Gapers Block has ceased publication.

Gapers Block published from April 22, 2003 to Jan. 1, 2016. The site will remain up in archive form. Please visit Third Coast Review, a new site by several GB alumni.
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Friday, July 19

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Isn't everyone's favorite photo from a photo booth? I have a few that pop up from time to time as they travel through the flotsam conduit in our house. The best one is of my daughter and two of her chums from our baby playgroup 10 years ago. I'm in the background holding everybody up, and the three kids are looking very much like they do ten years later. My daughter is glowering at the camera, just like she would do to this very day. One friend is smiling and looking like she couldn't possibly imagine a more fun or exciting place to be, just like today. And the other kid, Frank, grew up to look just like himself as well, but sadly for us, moved away to live a gorgeous, nature-filled life in Oregon. The photo was taken at the Empty Bottle at an afternoon show called "Rudy's Rockin Kiddy Caravan," which was a compilation of various and sundry indie rockers doing the kid song thing. I'm hard pressed to remember who played, but I know it was great fun, as an afternoon of good music, beer drinking, happy kids, and dancing would be.

I remember thinking during that show — and maybe it was because I was having a beer in the middle of the day — that that's what I wanted to be doing as a parent in Chicago. Not the drinking part, necessarily, but the part where I got to go to cool events and hang out with other people who understood the importance of kid and family events that weren't designed for either to enjoy, but for all to enjoy. No insipid crap, nothing with soft edges, or fakey pastel colors, nothing with "kids music"; especially not that, as a lot of kids music really sucks.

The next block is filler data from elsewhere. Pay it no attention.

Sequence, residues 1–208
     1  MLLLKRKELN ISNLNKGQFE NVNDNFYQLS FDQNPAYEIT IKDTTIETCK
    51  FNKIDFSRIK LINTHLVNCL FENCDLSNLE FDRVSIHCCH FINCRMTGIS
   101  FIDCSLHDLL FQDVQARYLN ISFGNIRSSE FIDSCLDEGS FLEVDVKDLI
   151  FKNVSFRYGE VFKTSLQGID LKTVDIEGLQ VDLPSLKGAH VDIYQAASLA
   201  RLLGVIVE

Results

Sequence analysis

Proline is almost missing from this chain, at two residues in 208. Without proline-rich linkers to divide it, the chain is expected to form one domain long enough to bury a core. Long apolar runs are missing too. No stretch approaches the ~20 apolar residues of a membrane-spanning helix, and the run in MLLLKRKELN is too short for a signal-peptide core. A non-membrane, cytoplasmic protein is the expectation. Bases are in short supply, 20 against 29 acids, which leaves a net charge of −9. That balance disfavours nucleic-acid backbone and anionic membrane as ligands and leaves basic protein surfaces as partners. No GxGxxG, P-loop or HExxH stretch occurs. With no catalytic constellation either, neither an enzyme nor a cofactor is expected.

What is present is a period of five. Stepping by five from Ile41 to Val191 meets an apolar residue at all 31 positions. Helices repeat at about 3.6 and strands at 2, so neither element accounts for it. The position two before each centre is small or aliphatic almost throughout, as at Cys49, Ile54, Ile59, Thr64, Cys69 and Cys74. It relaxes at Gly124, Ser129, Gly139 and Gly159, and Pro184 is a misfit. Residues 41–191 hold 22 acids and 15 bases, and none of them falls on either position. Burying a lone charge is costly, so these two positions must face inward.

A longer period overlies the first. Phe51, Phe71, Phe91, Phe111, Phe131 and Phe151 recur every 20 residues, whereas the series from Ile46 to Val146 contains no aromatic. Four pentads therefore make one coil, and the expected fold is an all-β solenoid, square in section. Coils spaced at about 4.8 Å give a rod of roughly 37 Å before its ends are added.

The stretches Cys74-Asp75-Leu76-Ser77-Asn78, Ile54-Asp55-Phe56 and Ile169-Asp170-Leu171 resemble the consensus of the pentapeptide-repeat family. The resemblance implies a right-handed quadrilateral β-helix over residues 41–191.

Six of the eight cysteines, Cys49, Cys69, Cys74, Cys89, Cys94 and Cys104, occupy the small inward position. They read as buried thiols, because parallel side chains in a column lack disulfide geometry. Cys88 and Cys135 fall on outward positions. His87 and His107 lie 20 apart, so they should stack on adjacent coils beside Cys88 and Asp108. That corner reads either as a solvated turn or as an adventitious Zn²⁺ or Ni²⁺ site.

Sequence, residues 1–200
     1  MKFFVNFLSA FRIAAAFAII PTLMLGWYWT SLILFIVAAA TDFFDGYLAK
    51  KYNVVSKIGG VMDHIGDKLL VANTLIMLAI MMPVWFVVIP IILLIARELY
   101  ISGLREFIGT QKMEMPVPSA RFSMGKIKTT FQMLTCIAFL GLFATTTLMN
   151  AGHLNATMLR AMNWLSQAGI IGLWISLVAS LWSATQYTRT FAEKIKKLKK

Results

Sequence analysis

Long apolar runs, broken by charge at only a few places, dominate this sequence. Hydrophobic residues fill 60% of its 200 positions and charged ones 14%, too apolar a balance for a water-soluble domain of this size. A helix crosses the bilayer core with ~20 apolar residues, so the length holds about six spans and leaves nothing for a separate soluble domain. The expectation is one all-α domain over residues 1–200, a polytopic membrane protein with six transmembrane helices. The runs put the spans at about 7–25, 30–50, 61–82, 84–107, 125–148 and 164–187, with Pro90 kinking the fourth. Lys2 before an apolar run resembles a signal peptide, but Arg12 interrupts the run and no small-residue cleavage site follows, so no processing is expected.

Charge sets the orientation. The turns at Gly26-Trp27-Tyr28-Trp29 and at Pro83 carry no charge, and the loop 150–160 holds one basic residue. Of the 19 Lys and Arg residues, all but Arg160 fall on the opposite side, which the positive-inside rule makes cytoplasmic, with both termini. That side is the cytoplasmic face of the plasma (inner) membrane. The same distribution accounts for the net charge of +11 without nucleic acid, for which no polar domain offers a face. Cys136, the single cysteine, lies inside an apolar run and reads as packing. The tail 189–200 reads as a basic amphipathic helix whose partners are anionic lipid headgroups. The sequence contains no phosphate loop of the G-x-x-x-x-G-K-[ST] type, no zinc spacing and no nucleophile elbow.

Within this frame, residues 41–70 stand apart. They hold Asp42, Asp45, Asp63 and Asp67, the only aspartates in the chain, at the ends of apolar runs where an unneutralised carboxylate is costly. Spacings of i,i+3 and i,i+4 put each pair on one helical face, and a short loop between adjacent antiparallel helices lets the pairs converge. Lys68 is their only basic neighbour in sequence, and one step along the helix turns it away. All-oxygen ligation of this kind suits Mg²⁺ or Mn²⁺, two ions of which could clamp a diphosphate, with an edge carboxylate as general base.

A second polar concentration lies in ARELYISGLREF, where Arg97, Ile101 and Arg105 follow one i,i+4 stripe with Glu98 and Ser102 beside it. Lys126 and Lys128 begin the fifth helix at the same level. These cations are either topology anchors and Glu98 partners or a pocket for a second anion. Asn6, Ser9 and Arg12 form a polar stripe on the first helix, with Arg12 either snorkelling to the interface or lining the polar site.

When I wonder what would typify the perfect storm of all things bad, I can't help but remember a show called "Kid Songs" that used to be on the PBS daytime line up. The premise of the show was that this group of perfectly racially diverse children were in charge of a video show — just like MTV! — with a few well meaning adults on hand to help out. Every song was a reworking of either a children's song, or a "rock" song, like Rock around the Clock, with the boys dressed as "rock stars" and the girls dressed as teenyboppers swooning all over the place while the group lip synched the song to the cheesiest possible arrangement. If the song was along the Farmer in the Dell lines, you can bet there would be some actor dressed in his Sunday-best overalls, running around a farmyard with a bunch of adorably evil children bobbing in and out of the horse stalls, and jumping into piles of hay.

It's not just kids music, though. A lot of activities designed "just for kidz!" are the visual and experiential equivalent of "Kids Songs." Somewhere along the line someone decided that kids are not only a money making gold mine, but stupid as well, and regardless of your gender, nothing can be presented to you unless it has been reworked into the happy meal version of itself. I wanted nothing to do with any of that then, and ten years later, when it's even more insidious, I want even less to do with it. When we go out for something, I want real experiences, with real artists who are performing and making and teaching, and not something designed around the assumption that my kids, or any kids, are stupid and not able to hear real music, or see real art or learn about real things.

And that's one great thing about raising kids in Chicago. It's so easy to bypass the junk and just go for the gold, because there are piles of gold all over the place, every single day of the week. Who cares about junk? It's easily bypassed. If we lived elsewhere my kids might never know that you can take a bus to a bar on a Saturday afternoon and listen to a band, go to the movies to watch an Iranian children's film, see an authentic Italian family circus, be shown the decomposed skeleton of a deer when volunteering at the nature center, play a match of quidditch surrounded by hundreds of Harry Potter fans dressed as the staff and student body of Hogwarts, fly a giant dove in Grant Park, or watch "Singin' in the Rain" with Michigan Avenue as the west wall of the theater, and Lake Michigan as the east.